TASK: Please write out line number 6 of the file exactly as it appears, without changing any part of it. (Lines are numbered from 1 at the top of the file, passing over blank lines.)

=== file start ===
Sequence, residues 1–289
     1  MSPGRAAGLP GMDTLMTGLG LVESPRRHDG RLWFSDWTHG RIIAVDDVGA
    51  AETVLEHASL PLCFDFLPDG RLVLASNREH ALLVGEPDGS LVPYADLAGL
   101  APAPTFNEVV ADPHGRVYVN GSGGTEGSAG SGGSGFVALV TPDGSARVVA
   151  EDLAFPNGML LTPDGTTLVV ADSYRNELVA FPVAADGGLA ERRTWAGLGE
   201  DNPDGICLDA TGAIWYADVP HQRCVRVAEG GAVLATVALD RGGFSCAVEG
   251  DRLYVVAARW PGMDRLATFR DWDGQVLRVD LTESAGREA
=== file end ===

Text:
   201  DNPDGICLDA TGAIWYADVP HQRCVRVAEG GAVLATVALD RGGFSCAVEG